[rating=4]Starring: Giuseppe Cristiano, Mattia Di Pierro, Aitana Sánchez-Gijón, Dino Abbrescia, Diego Abatantuono, Giulia Matturo, Stefano Biase, Suzy Sanchez, Giorgio Careccia, Fabio Tetta, Riccardo Zinna
Director(s): Gabriele Salvatores
Writer(s): Screenplay by Niccolo Ammaniti & Francesca Marciano, based upon the novel by Niccolo Ammaniti
Childhood is simplicity. At least it should be. And for some the transition into adulthood can be confusing and exciting. In the case of Italian-made thriller, I’m Not Scared, that transition is sudden and dramatic.
This compelling film is beautifully shot, wonderfully acted, and deliberately paced. The cinematography is soft and colorful, filled with the hills of southern Italy. It takes place in a speck of a town populated by only a dozen people and their children. But the small, idyllic town is only a cover for corruption, as 10-year-old Michele quickly discovers.
The contrast between childhood innocence and impending adulthood is expressed in the opening sequence. A simple race is soon twisted into something more adult and sexual, when the loser — a girl — is told that she must expose herself as a consequence for being the “rotten egg”. But Michele soon comes to her rescue, and is quickly forced to walk a wooden plank across a broken floor on the second story of a run down house.
While potentially dangerous, Michele turns it into a comic book-like adventure, imaging himself a superhero facing deadly foes.
However, the deadly truth of the world and it’s shades of grey soon break into young Michele’s world when he discovers a small boy hidden in a large hole in the ground near the house. He eventually learns that the very people he trusts most, his parents, are participants in a conspiracy to kidnap and possibly kill the young boy. As a result, he must choose to either allow the boy he’s come to call friend to die, or save him and betray his family.
A dark, thrilling film, I’m Not Scared is also a coming of age story that never tries to be a slick, Hollywood movie. The pace is measured, taking its time as it guides you through the main character’s journey to adulthood. And while the editing and storytelling may leave some viewers feeling a little deflated at the end, because it lacks the hyperspeed-like movement most commonly seen in action films today, it is no less powerful and moving.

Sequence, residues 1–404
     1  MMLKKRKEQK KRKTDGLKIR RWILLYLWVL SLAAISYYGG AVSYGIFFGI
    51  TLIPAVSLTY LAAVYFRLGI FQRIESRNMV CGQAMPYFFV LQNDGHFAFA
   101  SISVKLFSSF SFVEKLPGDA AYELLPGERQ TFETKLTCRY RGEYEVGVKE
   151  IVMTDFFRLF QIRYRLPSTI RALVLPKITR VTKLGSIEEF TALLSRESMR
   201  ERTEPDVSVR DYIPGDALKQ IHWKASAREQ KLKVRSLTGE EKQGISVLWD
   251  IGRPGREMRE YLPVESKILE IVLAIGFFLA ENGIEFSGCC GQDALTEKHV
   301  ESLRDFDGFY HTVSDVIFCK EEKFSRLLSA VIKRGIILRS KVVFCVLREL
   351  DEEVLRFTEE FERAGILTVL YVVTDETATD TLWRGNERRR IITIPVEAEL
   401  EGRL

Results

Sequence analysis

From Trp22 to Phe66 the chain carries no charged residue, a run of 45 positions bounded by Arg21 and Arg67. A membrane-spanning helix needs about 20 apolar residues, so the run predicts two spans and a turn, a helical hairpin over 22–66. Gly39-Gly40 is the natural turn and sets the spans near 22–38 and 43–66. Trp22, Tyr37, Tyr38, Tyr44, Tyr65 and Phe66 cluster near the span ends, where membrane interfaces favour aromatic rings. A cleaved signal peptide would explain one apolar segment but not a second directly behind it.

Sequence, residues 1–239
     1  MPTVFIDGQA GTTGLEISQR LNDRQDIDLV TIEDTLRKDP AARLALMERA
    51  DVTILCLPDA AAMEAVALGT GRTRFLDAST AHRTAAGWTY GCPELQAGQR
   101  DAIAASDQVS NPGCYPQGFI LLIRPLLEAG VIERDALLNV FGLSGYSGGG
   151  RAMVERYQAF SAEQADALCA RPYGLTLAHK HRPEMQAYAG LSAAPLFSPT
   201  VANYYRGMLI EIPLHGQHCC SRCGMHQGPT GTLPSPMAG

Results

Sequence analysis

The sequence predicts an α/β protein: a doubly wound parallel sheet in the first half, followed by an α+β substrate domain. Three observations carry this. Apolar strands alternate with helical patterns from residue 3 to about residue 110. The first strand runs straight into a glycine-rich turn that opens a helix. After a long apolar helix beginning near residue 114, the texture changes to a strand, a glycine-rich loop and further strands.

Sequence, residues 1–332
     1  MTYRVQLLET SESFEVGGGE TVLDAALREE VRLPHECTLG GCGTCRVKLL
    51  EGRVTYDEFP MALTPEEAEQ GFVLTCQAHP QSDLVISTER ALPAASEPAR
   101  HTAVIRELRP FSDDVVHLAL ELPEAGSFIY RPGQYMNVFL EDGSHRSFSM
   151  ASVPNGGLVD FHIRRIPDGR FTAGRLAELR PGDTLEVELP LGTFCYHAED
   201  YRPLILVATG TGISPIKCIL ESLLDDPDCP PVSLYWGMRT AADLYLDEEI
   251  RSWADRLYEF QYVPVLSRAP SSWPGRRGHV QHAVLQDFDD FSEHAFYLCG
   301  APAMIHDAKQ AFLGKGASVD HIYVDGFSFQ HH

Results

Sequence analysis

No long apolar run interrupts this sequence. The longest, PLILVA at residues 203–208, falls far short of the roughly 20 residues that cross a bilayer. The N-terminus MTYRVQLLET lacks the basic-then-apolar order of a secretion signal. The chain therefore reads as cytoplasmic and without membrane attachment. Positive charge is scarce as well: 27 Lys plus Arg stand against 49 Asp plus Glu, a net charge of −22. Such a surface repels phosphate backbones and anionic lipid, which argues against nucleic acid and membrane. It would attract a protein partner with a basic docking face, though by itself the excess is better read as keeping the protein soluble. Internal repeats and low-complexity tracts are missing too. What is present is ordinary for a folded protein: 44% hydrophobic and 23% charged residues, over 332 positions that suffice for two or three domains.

When we meet Michele, played with natural talent by Giuseppe Cristiano, he’s a dreamer. A young kid who makes up stories about the things he experiences. When he first discovers the young boy in the hole, he dreams up a story that he is his brother, long hidden by his parents. When he discovers the truth, his daydreaming ways are soon forgotten. He no longer dreams up stories as he struggles to understand why his parents would be involved in something so terrible.
Visually, the film is light and innocent at the beginning. Beautiful Italian landscapes are highlighted with golden wheat fields. But as the story unfolds, the night soon becomes more prominent.
However, as much as the story is compelling, the characters are left rather undeveloped. To an extent, I thought this was refreshing, as the filmmakers didn’t feel the obligation to spell everything out. The motivations for the parents to involve themselves in the kidnapping is subtly explained, but we do not know how they were involved. We see very little of their relationship, and the rest of the kidnapping gang is only marginally shown.
The story is told specifically through the eyes of Michele, which makes it logical that we would only learn so much about the crime. But in the end you’re left with a lot of unanswered questions. What you get are only bits and pieces, which you are left to piece together on your own.
While I don’t see this as a negative, it did mean that none of the characters are really explored. Even the child, while he experiences a loss of innocence, doesn’t necessarily change. From the very beginning we see Michele as a strong individual, not to be taken by peer pressure and clearly not afraid to stand up for what is right. He does so at the beginning, and he does so at the end.
The only change comes in the situation. At the beginning, he’s standing up against a bullying child. At the end, he’s standing up against his parents and their murderous compatriots. While the situation becomes more serious, there is no real arc for Michele, as he simply stays true to himself.
Beyond the visuals and the story, what really impressed me most about this film was the acting. Giuseppe Cristiano was outstandingly natural. The same can be said about all the children. The adults also delivered strong performances, but Cristiano stands out most since he’s the main character. From his body language to how he delivered his dialogue, everything seemed to simply flow from him. He wasn’t simply acting the part, he was the part. It is rare to see such talent in someone so young, and he deserves all the praise one can grant an actor.
The biggest disappointment here is the DVD itself. While the film is presented flawlessly, and the sound is terrific, the DVD is quite bare. No features, no documentaries, no commentary. This comes as a rather big disappointment because I was very curious to learn more about the film. I would have liked to have heard the director discuss the project, or learn more about how the film was made.
I don’t always get this curious about a movie, but with this one my interest was piqued. And sadly, the DVD did not offer anything to satisfy my curiosity.
Run Time: 1 hr., 48 mins.